US is No. 1! — in calories/day. Ties for No. 2 in obesity.
This chart shows the macronutrient consumption, and the table that accompanies the chart can be sorted on any column. US average per capita calorie consumption per day is 3770; number 2 is Austria (3760) and then Greece at 3700. Egypt is relatively low (3160 calories/person/day), but Egypt has a higher obesity rate than the U.S.: 33.1% for Egypt, 33% for the US.
One explanation might be that Egyptians get 73% of their calories from carbohydrates, the US gets 49% from carbs. (These figures are from the first chart.) Of course, Ethiopia has a 1.1% obesity rate while getting 79% of calories from carbs, but Ethiopians on average consume only 1950 calories per person per day: not enough spare calories to contribute to obesity.
Saudi Arabia also presents a puzzle: 3130 calories/person/day, 64% of calories from carbs, obesity rate 33%. That’s the same obesity rate as the US (and Egypt, the US, and Saudi Arabia have the highest obesity rates in the world), but the US calorie consumption is higher (3770 calories/person/day, 49% of calories from carbs.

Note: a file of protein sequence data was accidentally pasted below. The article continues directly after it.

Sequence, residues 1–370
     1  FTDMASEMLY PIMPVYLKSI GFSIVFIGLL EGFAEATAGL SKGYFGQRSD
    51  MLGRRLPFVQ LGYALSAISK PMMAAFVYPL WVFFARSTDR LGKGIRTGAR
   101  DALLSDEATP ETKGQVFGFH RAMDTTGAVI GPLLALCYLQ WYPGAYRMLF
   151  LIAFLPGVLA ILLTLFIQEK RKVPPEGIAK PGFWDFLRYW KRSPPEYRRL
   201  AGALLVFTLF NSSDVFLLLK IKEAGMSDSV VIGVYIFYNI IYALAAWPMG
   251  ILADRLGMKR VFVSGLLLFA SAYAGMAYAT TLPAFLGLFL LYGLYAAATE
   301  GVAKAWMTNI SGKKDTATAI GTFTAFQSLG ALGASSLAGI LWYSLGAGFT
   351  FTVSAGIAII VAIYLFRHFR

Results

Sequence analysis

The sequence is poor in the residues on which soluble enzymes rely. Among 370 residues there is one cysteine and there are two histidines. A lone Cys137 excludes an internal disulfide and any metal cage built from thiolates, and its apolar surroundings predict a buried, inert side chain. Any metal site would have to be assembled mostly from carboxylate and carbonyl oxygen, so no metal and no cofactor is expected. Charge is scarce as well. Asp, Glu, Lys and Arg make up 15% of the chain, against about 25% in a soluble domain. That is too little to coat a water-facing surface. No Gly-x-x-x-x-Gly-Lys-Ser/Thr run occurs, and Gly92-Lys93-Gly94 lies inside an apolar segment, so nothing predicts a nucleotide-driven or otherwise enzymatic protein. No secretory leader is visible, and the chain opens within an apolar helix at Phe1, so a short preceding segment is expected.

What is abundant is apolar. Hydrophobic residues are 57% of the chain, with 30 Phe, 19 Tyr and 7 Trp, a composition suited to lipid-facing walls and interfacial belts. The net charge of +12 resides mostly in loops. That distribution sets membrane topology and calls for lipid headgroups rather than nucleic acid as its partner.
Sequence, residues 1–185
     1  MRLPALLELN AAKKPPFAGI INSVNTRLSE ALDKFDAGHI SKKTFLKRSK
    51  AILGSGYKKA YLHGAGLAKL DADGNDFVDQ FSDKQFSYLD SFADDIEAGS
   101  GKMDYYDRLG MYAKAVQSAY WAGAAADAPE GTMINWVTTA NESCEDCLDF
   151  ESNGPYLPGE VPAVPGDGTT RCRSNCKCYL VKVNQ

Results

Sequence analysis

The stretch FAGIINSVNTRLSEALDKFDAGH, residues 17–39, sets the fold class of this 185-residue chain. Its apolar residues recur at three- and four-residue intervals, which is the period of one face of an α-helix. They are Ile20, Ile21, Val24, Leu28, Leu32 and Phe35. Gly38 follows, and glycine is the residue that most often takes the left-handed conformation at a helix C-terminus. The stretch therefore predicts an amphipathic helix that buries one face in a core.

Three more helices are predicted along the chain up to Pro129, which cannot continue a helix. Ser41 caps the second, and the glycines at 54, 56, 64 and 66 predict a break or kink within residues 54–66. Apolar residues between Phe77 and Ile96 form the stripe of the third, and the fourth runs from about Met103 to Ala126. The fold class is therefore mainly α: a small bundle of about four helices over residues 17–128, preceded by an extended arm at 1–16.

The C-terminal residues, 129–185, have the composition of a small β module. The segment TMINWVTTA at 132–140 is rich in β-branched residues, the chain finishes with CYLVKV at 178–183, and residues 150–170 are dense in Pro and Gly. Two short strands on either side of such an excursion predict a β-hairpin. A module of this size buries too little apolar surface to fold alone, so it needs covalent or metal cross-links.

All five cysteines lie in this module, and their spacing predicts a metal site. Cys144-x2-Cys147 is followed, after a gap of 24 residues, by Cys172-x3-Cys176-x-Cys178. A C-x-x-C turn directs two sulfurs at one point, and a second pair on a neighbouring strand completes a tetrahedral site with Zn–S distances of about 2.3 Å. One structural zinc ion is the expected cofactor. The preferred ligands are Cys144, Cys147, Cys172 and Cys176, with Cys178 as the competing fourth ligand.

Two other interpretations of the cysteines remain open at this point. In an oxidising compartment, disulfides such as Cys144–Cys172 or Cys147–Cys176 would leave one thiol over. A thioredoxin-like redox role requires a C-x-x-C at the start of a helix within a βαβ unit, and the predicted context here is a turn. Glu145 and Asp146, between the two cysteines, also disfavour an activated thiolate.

But take a look at the chart show prevalence of diabetes: Saudi Arabia is No. 1 here with 23.4%, Egypt has 16.6%, and the US is 9.4%.
Mexico has a diabetes rate of 15.6%, with calories consumption at 3250/person/day, 62% from carbs. Mexico’s obesity rate is 32.1%, which is close to the US.
You can spend a fair amount of time looking at the differences among nations. The first chart, which allows sorting, is quite useful.
Carb consumption as a percentage of daily calories tends to be high in nations where daily calorie consumption is low because carbohydrates are a relatively inexpensive source of calories.
Thanks to Quebec Steve for pointing out the charts.